Naoyoshi Hikosaka “Floor Event: Repetitions and Variations”

Misa Shin Gallery

poster for Naoyoshi Hikosaka “Floor Event: Repetitions and Variations”
[Image: Hikosaka Naoyoshi, Floor Event No.4 combination with Ceiling Music No.1, 1972, Performance at Hikosaka residence in Tokyo]

This event has ended.

Born in Tokyo in 1946, Hikosaka Naoyoshi began his Floor Event series, in which he poured latex over the floor as its “theme.” His act of pouring latex was sometimes combined with other elements and events, such as Delivery Event, where Hikosaka transported the tatami mats and furniture with all the fixtures from his room to exhibition sites, as well as Ceiling Music and Carpet Music. He also produced some works on paper, including invitations and instructions. These activities continued until 1975, when his participation in the Paris Biennale with Floor Event–Milk Crash (equivalent of Floor Event No. 7) ended with the confiscation and incineration of his tatami mats by the Japanese customs department when they were sent back home. This marked the end of Floor Event: The First Cycle.
Although works like these are generally categorized as “performance art,” Hikosaka used his Floor Event series as part of his experiment for creating a photo-based “information art,” using photography as an essential element to capture time. Given the technology available at that time, what he could manage to achieve was slide shows to present his acts and the transformation of the latex in time.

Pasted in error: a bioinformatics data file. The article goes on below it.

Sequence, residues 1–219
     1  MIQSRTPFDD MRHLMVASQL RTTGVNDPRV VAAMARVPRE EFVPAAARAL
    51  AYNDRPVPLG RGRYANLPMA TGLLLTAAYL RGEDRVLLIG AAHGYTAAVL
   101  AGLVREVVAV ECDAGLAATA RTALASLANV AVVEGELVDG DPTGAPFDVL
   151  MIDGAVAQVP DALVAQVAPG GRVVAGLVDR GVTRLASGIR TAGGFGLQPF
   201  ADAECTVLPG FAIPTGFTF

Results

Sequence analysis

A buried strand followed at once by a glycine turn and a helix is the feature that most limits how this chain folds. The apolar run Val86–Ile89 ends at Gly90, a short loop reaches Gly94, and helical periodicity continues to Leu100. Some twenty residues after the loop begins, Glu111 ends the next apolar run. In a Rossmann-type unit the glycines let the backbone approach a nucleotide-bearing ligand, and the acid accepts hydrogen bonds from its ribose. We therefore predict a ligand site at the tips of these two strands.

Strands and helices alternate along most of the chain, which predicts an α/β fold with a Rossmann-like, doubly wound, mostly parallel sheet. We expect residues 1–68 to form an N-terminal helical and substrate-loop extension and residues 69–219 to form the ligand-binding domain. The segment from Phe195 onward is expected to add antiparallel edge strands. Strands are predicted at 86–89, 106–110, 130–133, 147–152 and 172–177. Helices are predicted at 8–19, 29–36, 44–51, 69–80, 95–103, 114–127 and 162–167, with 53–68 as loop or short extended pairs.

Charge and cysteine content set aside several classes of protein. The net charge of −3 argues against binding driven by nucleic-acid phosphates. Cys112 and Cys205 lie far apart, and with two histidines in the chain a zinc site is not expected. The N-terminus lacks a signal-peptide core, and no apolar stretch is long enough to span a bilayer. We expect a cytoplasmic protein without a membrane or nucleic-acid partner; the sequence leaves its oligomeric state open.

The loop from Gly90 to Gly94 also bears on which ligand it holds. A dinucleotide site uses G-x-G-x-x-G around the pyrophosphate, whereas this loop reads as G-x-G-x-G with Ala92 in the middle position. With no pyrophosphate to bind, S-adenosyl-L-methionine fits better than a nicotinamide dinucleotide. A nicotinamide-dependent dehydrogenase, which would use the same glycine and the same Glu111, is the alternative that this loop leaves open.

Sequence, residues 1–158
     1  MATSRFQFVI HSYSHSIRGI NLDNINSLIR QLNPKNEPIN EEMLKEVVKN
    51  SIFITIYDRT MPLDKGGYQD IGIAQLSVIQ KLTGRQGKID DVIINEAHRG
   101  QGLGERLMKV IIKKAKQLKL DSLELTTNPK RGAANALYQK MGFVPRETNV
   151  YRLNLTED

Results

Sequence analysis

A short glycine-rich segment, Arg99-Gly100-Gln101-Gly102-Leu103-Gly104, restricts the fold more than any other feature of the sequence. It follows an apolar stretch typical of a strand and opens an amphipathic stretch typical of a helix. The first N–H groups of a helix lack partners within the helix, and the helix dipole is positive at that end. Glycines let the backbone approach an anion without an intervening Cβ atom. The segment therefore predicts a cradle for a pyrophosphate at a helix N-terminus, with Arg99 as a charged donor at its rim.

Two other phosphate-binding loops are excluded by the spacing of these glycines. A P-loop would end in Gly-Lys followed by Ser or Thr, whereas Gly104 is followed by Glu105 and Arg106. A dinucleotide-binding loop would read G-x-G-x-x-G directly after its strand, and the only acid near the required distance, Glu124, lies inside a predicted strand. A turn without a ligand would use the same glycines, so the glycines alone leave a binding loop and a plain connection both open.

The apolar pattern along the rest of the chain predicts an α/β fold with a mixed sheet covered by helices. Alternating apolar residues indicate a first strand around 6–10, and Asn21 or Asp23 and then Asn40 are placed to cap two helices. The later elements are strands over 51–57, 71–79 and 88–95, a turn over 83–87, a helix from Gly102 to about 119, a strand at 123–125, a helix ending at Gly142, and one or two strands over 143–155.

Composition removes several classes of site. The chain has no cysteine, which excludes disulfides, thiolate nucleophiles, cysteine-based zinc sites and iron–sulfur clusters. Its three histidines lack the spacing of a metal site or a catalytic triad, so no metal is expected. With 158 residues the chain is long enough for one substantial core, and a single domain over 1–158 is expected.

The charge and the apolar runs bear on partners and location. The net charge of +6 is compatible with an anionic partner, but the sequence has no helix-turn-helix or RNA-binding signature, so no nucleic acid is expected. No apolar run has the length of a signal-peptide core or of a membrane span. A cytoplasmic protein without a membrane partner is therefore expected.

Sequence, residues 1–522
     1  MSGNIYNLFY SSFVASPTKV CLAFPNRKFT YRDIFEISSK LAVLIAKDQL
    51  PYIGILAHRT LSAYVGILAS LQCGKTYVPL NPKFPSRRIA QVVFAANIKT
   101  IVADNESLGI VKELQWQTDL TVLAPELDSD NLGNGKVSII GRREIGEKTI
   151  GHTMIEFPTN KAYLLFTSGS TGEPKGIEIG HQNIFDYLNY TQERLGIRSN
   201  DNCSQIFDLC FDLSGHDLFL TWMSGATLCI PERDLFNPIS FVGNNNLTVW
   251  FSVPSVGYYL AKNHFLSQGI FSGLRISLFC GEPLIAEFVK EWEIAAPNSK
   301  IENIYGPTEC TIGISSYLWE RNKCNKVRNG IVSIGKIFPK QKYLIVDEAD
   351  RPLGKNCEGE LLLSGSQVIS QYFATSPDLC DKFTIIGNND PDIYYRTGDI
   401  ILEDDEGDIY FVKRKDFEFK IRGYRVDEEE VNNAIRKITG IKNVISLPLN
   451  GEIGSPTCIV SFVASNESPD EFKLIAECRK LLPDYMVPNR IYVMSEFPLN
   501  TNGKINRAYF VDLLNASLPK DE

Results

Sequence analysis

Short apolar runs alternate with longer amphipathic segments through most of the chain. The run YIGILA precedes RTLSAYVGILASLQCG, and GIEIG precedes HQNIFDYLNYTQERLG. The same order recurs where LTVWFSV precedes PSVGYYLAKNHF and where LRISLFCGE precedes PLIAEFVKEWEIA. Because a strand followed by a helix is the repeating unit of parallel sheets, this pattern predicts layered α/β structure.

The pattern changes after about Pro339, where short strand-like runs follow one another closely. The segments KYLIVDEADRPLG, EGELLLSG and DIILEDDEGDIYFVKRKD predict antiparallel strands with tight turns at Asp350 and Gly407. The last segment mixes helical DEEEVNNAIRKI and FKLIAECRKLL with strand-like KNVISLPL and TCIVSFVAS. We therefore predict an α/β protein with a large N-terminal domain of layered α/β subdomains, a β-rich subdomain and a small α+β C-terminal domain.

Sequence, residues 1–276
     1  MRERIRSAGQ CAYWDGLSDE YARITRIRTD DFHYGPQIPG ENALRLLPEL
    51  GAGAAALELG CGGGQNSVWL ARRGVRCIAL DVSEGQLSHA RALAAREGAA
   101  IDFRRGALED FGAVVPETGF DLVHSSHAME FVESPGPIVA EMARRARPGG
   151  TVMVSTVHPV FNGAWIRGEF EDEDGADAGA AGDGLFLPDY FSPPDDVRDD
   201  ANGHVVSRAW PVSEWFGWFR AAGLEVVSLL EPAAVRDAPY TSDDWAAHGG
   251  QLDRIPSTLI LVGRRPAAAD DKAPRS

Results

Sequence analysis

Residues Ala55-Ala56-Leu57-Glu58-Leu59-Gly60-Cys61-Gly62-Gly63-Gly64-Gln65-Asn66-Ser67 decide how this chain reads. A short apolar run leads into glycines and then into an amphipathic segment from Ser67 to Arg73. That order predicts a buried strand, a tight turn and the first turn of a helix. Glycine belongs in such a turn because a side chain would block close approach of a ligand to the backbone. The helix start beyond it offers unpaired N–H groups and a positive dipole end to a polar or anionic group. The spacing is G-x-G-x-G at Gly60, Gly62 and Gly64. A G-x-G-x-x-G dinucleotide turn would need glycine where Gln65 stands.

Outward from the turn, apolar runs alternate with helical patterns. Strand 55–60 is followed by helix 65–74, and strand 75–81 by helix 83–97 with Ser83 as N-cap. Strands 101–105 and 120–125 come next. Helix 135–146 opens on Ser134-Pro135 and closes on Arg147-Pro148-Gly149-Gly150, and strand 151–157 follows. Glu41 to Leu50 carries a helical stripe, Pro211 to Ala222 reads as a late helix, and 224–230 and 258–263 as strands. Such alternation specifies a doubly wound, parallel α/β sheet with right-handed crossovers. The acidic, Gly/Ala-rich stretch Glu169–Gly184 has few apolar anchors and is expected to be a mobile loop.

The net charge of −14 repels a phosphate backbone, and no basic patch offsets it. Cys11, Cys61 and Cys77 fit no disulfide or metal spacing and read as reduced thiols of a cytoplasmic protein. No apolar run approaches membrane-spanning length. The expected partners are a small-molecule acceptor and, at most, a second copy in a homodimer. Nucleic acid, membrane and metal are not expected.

The current exhibition at Misa Shin Gallery examines Hikosaka’s Floor Event series from 1970 to 1975, focusing on three works (Nos.3–5). It consists of vintage documentary photographs, slide shows, and original invitations, and other materials. As part of the exhibition, a chronology of Floor Event: The First Cycle will be presented, compiled by Dr. Reiko Tomii, a New York-based art historian. The exhibition poses questions about what events and photography meant to Hikosaka, how they related to such concepts as instruction, practice, information, performance, and installation, all of which have been a driving force behind global conceptualism from the 1970s onward, and the place of his Floor Event series in that development.



from July 25, 2020 to September 12, 2020



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